As its name could tell, this very lively neighborhood is named after a cemetery north of which it is located, a 10-hectare land surrounded by stonewalls. The cemetery itself is, in fact, one of the most renowned in Brussels, and even in the country, as many famous scientists, artists, and politicians were buried there. I must admit that although I spent years there as a student, it is only a few years later that I took the time to visit the cemetery.
The neighborhood “Le Cimetière d’Ixelles” was honored a few months ago as “one of the coolest in Europe” by The Guardian. It is located among the Campus du Solbosch and the green Campus de La Plaine (co-managed by the ULB and its dutch speaking counterpart, the Vrije Universiteit van Brussels - VUB), and the two main campuses of the Université Libre de Bruxelles, and my dear Alma Mater. For the record, the ULB also owns another third campus, located on the outskirts (Anderlecht, metro station Erasme), which is dedicated to medical students and all curricula linked to healthcare.
Needless to say that many bars, restaurants, cafes, retail shops and entrepreneurs in the Cimetière d’Ixelles make their living out of the entire ULB academic community that is active all year round, except in the summer (from July 1 to August 10), and, to a lesser extent, in the exam period (January and May).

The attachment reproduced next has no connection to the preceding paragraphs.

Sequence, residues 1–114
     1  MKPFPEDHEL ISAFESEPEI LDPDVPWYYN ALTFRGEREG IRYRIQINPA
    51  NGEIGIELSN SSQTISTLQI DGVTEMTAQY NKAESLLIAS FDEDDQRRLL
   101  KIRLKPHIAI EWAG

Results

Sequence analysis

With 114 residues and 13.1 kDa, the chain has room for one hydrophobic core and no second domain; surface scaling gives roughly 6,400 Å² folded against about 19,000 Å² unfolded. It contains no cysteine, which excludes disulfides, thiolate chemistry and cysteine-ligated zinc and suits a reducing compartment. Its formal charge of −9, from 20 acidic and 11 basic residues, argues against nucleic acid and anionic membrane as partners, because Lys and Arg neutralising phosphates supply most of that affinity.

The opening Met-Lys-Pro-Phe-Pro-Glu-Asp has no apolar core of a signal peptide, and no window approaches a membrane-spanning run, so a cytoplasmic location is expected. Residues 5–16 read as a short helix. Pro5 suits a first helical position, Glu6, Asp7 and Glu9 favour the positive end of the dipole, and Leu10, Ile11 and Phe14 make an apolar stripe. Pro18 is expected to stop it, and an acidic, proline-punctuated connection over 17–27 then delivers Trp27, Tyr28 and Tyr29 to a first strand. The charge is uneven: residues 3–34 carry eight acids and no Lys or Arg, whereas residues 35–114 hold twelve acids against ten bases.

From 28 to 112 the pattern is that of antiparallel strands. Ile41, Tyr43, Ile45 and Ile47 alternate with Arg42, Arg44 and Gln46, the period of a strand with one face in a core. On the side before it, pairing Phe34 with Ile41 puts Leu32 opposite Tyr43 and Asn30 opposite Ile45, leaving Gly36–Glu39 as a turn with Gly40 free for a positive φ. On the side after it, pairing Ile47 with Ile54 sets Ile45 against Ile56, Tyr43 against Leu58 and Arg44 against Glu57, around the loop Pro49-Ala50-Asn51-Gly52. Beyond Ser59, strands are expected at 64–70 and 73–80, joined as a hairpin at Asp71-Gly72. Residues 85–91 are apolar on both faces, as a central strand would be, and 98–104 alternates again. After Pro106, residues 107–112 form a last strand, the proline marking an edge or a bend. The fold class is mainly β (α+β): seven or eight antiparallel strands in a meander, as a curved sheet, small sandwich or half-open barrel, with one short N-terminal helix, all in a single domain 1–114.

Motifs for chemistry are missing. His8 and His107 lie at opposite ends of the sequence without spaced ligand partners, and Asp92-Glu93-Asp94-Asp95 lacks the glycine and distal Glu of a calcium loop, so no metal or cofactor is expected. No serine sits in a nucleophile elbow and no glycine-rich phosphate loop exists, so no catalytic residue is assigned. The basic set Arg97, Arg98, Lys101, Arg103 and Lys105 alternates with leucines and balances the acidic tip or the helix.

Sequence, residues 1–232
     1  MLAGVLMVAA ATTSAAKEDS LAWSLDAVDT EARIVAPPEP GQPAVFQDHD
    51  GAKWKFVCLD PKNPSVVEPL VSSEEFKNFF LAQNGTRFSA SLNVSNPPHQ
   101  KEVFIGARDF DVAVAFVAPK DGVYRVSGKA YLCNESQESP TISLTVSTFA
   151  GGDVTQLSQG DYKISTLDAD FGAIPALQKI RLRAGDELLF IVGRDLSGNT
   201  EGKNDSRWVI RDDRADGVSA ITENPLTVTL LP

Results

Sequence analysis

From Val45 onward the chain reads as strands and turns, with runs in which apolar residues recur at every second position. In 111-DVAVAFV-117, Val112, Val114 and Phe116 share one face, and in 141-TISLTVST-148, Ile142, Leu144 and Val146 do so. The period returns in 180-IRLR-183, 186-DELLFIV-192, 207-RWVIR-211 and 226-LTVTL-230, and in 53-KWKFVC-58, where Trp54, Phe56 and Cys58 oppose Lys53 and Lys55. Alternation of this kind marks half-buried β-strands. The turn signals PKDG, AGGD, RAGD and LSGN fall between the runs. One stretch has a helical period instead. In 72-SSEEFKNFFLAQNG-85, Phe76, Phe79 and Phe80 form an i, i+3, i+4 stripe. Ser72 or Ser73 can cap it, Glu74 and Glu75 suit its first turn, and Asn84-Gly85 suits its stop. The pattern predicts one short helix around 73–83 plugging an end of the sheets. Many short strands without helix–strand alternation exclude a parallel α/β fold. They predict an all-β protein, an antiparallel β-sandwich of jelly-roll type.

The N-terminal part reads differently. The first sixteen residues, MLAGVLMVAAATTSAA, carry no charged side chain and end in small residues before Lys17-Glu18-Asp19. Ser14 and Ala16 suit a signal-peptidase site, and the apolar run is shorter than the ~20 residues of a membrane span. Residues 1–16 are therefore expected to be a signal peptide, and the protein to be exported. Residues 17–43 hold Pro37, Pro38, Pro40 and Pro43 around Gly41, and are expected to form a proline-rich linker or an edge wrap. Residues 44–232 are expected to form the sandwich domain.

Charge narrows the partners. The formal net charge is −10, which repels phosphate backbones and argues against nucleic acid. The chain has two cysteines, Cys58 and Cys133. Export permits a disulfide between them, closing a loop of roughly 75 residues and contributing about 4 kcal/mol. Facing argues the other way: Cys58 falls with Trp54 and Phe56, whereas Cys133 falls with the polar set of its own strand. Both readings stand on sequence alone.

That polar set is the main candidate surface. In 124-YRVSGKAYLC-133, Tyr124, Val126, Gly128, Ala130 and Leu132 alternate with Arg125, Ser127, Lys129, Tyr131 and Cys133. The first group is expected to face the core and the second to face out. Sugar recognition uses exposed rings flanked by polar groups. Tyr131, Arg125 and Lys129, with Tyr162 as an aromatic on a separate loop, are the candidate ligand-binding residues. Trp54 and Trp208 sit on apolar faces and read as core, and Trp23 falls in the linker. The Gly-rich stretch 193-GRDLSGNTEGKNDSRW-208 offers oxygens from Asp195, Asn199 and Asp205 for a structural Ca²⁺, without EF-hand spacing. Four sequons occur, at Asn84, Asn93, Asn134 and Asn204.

It is the university hotspot of the European capital. If you walk along the Avenue de l' Université, you see many students around, going to the library, shopping, or having a drink in a bar or at a terrace. Sometimes, especially in autumn, you will see them wearing long white coats and caps ("pennes" in French), which means they have just been baptized, an important folkloric moment in student life. Also, you will meet lecturers, professors and the administrative staff wandering around, having a drink or eating, at almost any time of the day. Although pretty much university-oriented, do not think that the neighborhood is an isolated silo from the rest of the city. On the contrary, you will rather feel a city that was built around its university. It is a bit the same feeling like the one you have in other university towns in Europe, like Salamanca or Cambridge.
I remember many spots I used to go to as a student to relax together with mates, most of which are still running today, by the way. The most famous places, much appreciated by students and locals, are the following.
The Cimetière d’Ixelles is easily reachable via public transport. You can take the bus line 71, from Central Station, or 95 from the Luxembourg Station (in the European quarter). You can also arrive by train at the Etterbeek station, and then walk a few hundreds of meters up to the Cimetière.
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